'Fehn' in: The Architects' Journal by Patrick Lynch
It’s heartening to see that such responsibly humanist architects as Correa, Zumthor, Pinos and Kuma, were recently being discussed as worthy of the Pritzker Prize. Carmé Pinos is one of my favourite architects, and her boarding school in Andalusia compares well with her late husband’s solo projects, making us question the idea that he was the talent in their partnership. Zumthor turned it down, and Nouvel won of course. I must confess to being a fan of Nouvel’s early projects, with the caveat that it is a bit like admitting to having a nostalgic soft spot for Simply Red. I mean, his rusty-barn Corten hotel is the equivalent of a good soul cover version, i.e. clearly money was too tight to mention on this job, ditto the Novalis housing. It all goes Pete Tong, as the Cockneys say, when the budget is no longer an issue and ‘production values’ take over. The Institut Du Monde Arab is one of the best ideas for a building ever, but the electrical ‘solar-iris-screens’ were already broken when I visited eighteen years ago and the famous view of Notre Dame is from a dank light well. Nouvel’s big idea is that ‘we invented electricity in the 20th century and modern architecture should express this’, and so his opera house at Lyon looks great at night but in the daylight, is a bit, well, plump. But then, like many architects, he has decided to concentrate upon being good at one thing, and to ignore the rest. Although electric lighting sounds like a very 20th century idea now doesn’t it?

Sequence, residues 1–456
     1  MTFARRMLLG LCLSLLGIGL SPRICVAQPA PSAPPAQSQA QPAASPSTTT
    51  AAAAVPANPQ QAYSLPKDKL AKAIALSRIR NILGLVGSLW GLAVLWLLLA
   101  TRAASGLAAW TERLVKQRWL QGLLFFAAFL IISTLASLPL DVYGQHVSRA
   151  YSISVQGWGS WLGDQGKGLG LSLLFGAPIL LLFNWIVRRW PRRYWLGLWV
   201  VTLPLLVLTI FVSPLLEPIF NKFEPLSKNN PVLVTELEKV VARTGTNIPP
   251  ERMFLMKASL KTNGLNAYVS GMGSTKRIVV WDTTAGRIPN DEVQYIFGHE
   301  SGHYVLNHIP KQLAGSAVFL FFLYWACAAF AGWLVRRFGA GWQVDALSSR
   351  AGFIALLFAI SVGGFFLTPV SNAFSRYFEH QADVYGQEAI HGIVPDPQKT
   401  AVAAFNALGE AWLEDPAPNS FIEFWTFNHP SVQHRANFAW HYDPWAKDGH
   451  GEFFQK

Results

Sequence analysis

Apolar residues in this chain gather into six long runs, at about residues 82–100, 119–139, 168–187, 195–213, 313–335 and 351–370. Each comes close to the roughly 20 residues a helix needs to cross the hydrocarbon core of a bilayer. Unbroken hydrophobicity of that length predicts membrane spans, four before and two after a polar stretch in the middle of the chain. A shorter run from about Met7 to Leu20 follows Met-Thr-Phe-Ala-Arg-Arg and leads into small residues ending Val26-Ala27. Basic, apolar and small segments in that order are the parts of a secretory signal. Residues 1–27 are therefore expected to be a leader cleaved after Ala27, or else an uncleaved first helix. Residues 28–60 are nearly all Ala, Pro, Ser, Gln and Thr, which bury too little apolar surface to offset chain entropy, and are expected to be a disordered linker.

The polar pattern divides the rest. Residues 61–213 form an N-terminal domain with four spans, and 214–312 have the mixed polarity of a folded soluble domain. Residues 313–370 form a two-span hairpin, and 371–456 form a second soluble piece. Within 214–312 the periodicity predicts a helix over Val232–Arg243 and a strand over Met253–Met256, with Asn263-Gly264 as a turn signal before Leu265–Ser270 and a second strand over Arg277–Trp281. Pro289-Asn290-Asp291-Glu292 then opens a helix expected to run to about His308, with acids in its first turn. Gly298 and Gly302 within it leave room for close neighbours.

Perhaps this is why, despite being Pritzker winners, neither Siza nor Fehn has yet won the RIBA Gold Medal? Both are teachers and artists, combining child-like curiosity with masterful economy of line and cool critical nouse. Both make great plans that seem to tell you where to enter and where to go, and their buildings oscillate between typology and abstraction, between recognizable language and formal liberation, between figuration and play. Their work embodies the twin aspects of what Gaston Bachelard describes in the Poetics of Space as ‘The Formal Imagination’ and ‘The Material imagination’. Architecture requires us to engage both parts of our brains, although often one aspect dominates the other. Learning to do architecture should engage both, but not everyone can balance each, and attempting to do so is often seen as a weakness rather than an essential ability for an architect. Perhaps this is why Fehn and Siza are less fashionable than recent Gold Medallists? They’re much harder to emulate: others you can copy. In reconciling poetic force, pragmatic application and philosophical scrutiny they are able to make beautiful useful architecture, combining the contradictions that often enrage the modern mind into the complex personae of an architect.
You know how I feel about Signor Siza, but perhaps Fehn should win? His architecture appears wonderfully caught between artifice and husbandry, theatre and ancient rite, modern poetry and folk music. His cowshed-like Hedmark Cathedral museum corkscrews and ramps through a stone barn like a running child; his houses tread a thin line between dream imagery and ecological purity; and the magical Fjaerland museum is a concrete glacier through which light falls like ice. You pass up from under to over the building, from the earth towards the sky.